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Calculating total resistance of a combination circuit

  1. May 15, 2017 #1
    combination circuit.png 1. The problem statement, all variables and given/known data
    Find the total resistance of the circuit
    2. Relevant equations
    Parallel resistance: 1/Rtotal = 1/R1 + 1/R2 + 1/R3 + ..., Series resistance: R1 + R2 + R3...
    3. The attempt at a solution
    The 1470 ohm resistor is parallel to the 50 ohm resistor and the 1000 ohm resistor, but there is a junction between them, which confuses me on how to add the 1470 ohm resistor to each of them... that probably didn't make sense but it's the best way I could word it. Once that is solved I know how to do the rest.
     
    Last edited: May 15, 2017
  2. jcsd
  3. May 15, 2017 #2
    Try adding a picture.
     
  4. May 15, 2017 #3
    (facepalm) oops... there it is
     
  5. May 15, 2017 #4

    vela

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    None of the resistors are in series or in parallel with any other.
     
  6. May 15, 2017 #5
    How would i go about adding up the resistances then?
     
  7. May 15, 2017 #6

    vela

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    Connect the combination to a voltage source V and calculate the current I it draws. The equivalent resistance is V/I.
     
  8. May 15, 2017 #7
    But to find the current that is drawn from the battery (6V) i need to know the total resistance of the circuit...
     
  9. May 15, 2017 #8

    vela

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    You're just going to have to write down equations using Kirchoff's laws and solve the resulting system of equations.
     
  10. May 15, 2017 #9

    scottdave

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  11. May 16, 2017 #10
    I would think that there is no point to this. You need the total resistance to calculate the current, then use I=V/R, and then go back to use R=V/I. That's just a lot of unnecessary extra steps that you would take after you find the total resistance.

    To solve this you would need to either use kirchoff's laws or kirchoff's laws with the delta y transform.
     
  12. May 16, 2017 #11

    scottdave

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    At first, I thought @vela was joking (like actually get a battery and some resistors.. Ha). But I think what was meant is to create a circuit on paper, then go through the loop analysis. Once you find the current delivered by the test voltage, then R = Vsource/Isource.
     
  13. May 17, 2017 #12

    vela

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    Really? There's no other way to find the current I? Like perhaps the way you mention below...

     
  14. May 17, 2017 #13
    Right, but to find the current that way wouldn't you have to find the total resistance first?
     
  15. May 17, 2017 #14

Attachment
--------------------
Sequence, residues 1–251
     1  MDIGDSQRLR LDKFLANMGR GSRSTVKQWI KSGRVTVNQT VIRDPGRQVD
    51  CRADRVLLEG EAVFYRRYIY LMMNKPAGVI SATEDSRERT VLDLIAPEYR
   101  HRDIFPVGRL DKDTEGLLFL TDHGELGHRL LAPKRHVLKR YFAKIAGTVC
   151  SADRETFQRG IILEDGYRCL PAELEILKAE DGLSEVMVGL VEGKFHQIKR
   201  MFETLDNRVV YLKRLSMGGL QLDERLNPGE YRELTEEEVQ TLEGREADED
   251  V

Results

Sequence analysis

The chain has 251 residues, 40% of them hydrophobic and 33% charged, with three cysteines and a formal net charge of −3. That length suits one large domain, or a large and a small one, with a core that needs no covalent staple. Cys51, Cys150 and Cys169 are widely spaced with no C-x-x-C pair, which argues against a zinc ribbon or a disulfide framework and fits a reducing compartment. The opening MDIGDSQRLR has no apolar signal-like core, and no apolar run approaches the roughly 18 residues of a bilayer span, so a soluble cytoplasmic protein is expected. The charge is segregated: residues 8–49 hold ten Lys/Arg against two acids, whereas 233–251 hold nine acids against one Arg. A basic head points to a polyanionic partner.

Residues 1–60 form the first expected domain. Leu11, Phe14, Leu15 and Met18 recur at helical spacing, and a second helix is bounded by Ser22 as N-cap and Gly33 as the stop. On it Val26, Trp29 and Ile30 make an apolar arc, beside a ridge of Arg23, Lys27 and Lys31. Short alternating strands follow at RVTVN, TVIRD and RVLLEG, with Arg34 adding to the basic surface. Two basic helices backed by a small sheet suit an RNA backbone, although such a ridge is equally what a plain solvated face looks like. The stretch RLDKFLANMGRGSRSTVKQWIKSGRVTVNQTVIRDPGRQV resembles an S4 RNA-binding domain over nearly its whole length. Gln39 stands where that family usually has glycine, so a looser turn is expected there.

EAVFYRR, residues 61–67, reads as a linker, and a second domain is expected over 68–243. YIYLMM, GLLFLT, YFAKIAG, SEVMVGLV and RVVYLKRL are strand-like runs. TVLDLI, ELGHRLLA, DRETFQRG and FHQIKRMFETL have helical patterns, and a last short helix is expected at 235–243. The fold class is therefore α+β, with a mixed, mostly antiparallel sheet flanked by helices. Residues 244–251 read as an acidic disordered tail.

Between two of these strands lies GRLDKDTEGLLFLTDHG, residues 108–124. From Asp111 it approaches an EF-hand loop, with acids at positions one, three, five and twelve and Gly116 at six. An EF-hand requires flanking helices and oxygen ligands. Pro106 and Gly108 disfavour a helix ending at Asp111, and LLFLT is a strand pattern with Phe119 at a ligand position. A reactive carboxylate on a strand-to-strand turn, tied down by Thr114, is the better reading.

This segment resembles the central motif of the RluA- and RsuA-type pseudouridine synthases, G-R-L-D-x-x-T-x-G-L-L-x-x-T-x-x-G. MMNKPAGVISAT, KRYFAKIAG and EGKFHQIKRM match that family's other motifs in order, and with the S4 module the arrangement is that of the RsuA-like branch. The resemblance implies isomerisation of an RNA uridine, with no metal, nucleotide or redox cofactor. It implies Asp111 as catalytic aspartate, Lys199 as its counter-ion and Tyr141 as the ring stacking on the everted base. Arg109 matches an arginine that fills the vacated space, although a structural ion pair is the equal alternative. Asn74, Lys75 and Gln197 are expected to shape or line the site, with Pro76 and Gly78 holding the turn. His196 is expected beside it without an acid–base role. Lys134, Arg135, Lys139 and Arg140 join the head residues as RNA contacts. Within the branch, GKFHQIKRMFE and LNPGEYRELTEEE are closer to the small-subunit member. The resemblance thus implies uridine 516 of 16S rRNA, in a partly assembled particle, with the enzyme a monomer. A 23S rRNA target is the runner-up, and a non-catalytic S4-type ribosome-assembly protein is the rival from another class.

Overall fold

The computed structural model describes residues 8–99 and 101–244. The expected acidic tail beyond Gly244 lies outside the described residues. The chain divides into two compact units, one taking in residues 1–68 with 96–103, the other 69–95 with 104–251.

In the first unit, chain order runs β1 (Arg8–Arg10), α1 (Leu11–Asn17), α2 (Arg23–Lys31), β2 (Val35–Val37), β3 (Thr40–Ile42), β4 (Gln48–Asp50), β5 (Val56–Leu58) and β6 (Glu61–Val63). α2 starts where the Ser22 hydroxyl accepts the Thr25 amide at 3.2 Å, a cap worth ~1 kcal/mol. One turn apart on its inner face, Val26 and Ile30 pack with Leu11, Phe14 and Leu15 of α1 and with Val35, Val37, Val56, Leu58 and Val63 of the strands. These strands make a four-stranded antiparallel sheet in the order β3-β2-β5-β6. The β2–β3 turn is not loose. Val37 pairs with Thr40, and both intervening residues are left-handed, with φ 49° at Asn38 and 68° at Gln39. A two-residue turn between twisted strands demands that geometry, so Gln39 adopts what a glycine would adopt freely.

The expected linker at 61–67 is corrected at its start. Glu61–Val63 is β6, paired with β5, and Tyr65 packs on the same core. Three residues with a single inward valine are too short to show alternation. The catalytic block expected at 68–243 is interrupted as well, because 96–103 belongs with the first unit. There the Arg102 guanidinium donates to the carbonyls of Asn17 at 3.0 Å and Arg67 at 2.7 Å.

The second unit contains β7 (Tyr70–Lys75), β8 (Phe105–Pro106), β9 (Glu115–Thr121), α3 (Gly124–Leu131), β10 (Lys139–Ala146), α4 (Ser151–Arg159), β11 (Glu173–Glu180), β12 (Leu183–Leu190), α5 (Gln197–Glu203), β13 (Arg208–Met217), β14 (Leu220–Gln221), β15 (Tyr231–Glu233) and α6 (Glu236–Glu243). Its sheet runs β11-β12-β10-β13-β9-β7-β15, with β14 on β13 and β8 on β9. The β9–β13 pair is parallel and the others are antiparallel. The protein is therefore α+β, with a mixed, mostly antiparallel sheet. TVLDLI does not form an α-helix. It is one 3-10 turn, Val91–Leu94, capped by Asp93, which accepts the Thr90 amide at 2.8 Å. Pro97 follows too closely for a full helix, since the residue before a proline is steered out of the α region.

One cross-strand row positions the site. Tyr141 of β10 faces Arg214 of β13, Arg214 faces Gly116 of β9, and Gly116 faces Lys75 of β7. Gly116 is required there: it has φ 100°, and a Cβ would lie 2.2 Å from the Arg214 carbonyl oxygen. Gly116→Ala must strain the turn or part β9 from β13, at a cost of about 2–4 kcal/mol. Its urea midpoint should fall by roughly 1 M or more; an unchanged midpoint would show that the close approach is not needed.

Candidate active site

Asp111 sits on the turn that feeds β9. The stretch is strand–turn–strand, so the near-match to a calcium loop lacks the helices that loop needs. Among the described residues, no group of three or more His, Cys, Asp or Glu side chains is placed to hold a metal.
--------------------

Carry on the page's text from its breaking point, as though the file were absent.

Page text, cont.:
vela

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    I can't help but feel you're trolling here.
     
  16. May 17, 2017 #15

    gneill

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    No. Solve the circuit, and you'll find all the currents even if you only really require one of them.
     
  17. May 17, 2017 #16
    Ah ok.
     
  18. May 17, 2017 #17

    Janus

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    One method is the loop-equation method. Draw out the possible current loops for the circuit, write an equation for each loop, and then solve the simultaneous equations to find each loop current. The sum of these give you the total current for any given source voltage, and from that you can determine the total resistance of the circuit. Here's the circuit redrawn with the loop currents marked:
    bridge.gif
     
  19. May 17, 2017 #18

    davenn

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    just out of personal curiosity for my learning

    can you do that with just the three loops you have done or should it really be for all loops ?
    as there is a 4th loop
     
  20. May 17, 2017 #19

    vela

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    You'd find that only three of the loop equations are independent. The equations from the other loops would be linear combinations of the three.
     
  21. May 17, 2017 #20

    ehild

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    Independent loops are needed, and there are three in this case. Assign current to each loops, so that there is one or two loop currents flowing through each resistor. If it is possible, the loops are separate. @davenn's construction is too complicated. See the next one:
    upload_2017-5-18_6-25-8.png

    The currents through the resistors are: I1, through 100Ω, I2, through 330Ω, I2-I1, through 220Ω, I2-I3, through 50Ω, and I3-I1, through 1000Ω. The generator current is I1. Anti-clockwise direction is positive. Write Kirchhoff's Loop Rule for each loops, that makes three equations for the three currents, eliminate I2 and I3, solve for I1. The total resistance is R=V/I1.
     
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